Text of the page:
Perhaps in 10,000 years, my works will be dug up by archaeologists and provoke the same kind of speculation that artefacts, such as the Venus of Willendorf, warrant. Thus in, my larger conceptual narrative, my works are “Objects from a Future Past.”
You have discussed the future insight your relief sculptures will provide about the Anthropocene era and our capitalist, consumerist culture. In the spirit of continuing these forward projections: what part of your identity as an artist do you think they will reveal?
Most works by any artist can be considered self-portraits. My aesthetic choices evolve from the mechanics of process and my own emotions. I draw upon my physical and visual memories and experiences, which relate to my life in both serious and more incidental ways. For example, I chose a very particular dark green for Urban Flora XXI (Field), as it evoked a distinct memory of sitting in a field of grass. Suddenly, the clouds passed over and the green field was momentarily darkened. It became a little bit chilly. I love these moments when one is subsumed in nature. There is a hint of danger and a risk of sudden change. It is also slightly humorous that Field, the manifestation of an experience of nature, is made of cracked concrete. Other works from the Urban Flora series draw upon more profound experiences, such as the loss of a loved one.
Although not presented didactically, there is so much of my life and thoughts immersed in my works. There is a mystery and ambiguity that allows the viewer to develop their own thoughts and responses. The emotional and critical content in minimalist works is often overlooked, but it is as present in my sculptures as it would be in an expressive, narrative painting. It is perhaps more subtle. It involves all of the senses and is something that is felt rather than seen.
You deliberately utilize and integrate traditionally gendered materials. Concrete has long been considered a masculine material, while the embroidery hoops that you used in your earlier works have historically been used (almost) exclusively by women. Can you discuss the significance of subverting such gender norms in your practice?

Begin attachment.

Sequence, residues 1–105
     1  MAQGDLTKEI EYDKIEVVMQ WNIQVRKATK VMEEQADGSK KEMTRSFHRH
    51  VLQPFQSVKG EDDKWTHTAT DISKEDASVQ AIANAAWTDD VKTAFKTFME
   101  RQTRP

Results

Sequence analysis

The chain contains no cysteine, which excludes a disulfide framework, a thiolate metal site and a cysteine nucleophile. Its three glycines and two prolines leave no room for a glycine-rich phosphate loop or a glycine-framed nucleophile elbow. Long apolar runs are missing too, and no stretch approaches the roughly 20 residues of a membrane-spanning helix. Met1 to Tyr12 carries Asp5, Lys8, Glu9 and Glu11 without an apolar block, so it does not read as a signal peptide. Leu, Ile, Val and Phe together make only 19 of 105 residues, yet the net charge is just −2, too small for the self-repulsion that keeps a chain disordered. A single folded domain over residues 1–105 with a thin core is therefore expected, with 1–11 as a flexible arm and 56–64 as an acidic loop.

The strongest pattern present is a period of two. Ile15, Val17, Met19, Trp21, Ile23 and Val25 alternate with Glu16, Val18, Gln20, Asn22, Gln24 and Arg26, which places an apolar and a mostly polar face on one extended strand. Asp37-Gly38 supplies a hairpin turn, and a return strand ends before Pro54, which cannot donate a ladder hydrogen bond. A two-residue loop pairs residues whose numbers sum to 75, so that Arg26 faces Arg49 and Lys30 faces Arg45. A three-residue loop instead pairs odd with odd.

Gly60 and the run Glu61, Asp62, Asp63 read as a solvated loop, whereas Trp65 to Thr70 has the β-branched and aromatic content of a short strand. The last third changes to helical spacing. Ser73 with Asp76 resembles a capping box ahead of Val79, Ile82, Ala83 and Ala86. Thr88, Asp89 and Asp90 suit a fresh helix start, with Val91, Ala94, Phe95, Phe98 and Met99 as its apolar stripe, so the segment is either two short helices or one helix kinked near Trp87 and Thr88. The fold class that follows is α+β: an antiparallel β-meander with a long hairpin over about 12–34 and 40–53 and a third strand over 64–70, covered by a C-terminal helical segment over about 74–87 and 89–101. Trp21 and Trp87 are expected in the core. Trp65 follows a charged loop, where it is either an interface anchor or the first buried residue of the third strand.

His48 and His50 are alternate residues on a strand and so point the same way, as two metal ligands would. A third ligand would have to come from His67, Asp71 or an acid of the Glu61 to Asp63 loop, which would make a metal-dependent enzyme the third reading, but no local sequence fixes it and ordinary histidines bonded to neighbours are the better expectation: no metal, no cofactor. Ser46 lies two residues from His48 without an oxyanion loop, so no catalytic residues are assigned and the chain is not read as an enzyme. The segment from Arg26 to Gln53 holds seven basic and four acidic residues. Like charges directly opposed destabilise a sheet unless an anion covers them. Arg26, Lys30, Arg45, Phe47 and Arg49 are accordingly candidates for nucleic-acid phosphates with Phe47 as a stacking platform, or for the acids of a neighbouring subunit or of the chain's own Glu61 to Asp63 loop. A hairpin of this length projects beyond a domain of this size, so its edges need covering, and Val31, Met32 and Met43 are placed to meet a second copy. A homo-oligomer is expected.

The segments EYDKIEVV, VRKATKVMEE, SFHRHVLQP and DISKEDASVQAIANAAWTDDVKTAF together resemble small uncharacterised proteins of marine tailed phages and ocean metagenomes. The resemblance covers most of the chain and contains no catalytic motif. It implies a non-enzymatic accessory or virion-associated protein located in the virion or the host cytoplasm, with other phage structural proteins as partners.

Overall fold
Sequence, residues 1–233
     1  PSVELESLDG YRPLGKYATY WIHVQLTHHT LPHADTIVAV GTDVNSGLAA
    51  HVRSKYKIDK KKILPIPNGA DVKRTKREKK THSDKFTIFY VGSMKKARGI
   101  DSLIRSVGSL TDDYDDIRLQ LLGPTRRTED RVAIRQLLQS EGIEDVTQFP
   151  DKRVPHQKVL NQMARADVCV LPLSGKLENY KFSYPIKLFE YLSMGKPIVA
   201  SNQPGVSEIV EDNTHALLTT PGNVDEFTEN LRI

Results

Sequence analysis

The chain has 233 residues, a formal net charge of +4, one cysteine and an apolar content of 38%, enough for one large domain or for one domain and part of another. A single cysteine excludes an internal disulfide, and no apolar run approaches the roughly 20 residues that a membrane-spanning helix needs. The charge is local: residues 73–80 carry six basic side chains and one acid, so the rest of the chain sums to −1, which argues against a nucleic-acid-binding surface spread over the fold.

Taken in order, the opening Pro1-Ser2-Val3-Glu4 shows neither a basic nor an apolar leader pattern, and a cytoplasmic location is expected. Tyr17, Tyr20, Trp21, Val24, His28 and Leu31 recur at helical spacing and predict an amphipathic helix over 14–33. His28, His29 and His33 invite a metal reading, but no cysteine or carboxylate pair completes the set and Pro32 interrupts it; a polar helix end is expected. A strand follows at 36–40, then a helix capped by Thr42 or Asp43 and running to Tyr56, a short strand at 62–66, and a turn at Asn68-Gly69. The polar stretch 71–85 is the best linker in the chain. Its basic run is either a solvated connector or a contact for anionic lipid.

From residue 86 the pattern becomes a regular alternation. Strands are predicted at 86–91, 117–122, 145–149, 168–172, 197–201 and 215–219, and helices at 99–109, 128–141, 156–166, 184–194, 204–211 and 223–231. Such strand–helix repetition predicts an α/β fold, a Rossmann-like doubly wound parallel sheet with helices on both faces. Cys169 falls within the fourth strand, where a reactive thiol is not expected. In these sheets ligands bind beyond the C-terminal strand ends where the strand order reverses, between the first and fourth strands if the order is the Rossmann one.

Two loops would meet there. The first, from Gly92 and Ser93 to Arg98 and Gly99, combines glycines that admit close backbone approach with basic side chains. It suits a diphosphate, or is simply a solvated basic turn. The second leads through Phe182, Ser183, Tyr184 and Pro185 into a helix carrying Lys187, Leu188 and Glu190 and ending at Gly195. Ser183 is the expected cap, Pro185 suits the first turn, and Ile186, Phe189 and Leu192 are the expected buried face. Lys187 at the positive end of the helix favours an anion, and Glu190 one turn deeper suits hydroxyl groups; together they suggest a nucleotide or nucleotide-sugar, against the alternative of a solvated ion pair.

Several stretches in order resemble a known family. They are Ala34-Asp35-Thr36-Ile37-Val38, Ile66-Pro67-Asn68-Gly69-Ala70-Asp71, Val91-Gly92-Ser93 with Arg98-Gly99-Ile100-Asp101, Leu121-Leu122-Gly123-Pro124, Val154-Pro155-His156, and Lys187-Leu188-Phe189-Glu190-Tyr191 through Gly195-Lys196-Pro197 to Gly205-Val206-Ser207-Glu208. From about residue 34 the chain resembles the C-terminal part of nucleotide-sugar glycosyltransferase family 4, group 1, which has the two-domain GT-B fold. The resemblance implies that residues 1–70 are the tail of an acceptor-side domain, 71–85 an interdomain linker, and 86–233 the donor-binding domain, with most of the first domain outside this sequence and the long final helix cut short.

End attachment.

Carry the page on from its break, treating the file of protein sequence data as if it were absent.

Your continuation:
The materials and their associations are central to my work. Although one can undoubtedly engage with the works on a purely visual, aesthetic level, a whole new world of meaning and association emerges when one considers the implications of cement as material. Cement is masculine. We see it being poured all over, every day, by teams of men. I originally poured cement into embroidery hoops to express a ridiculous, yet inevitable juxtaposition. The assumption that gender be a determining factor in what work you do, or what activities you enjoy, is a societal construction that seems as absurd as pouring cement into embroidery hoops. The lives of both men and women are built around the needs of our economic system, and for women this has meant that much of the work they have done has been invisible and unrewarded. I remember consciously rejecting this limiting dichotomy from a young age; not just in terms of the work I chose to do, but also by challenging how I was allowed to behave and interact, how aggressively or confidently I was able to speak. The work of Louise Bourgeois has been hugely influential to me, not only because of how openly she worked with ideas of sexuality and her inner world, but also because very little of her work conforms to ideas of a feminine aesthetic. She used iron, steel, and grey cloth, and unapologetically occupied space with her seminal structural sculpture series, Cells. She was also a truculent and ‘difficult’ woman – clever, irrepressible, independent, and flawed.
This is where the practice of art becomes transcendent. I can layer all of these thoughts, ideas, emotions, experiences, and skills into an object, and yet the object itself transcends all of them; it coalesces into an artwork that has ambiguity and beauty, filled with my questions, not answers. I have realized that, as an artist, I only have questions. I think this same transcendent experience happens in the person who views or experiences an artwork, although it is perhaps a reversal of the process the artist went through, as the viewer is working backwards from the artwork, and touching on a whole new set of personal associations and responses.
Your sculptures maintain a minimalist aesthetic, yet also make a humorous nod to traditional landscape painting and environmental art. Can you discuss these far-ranging influences upon your work?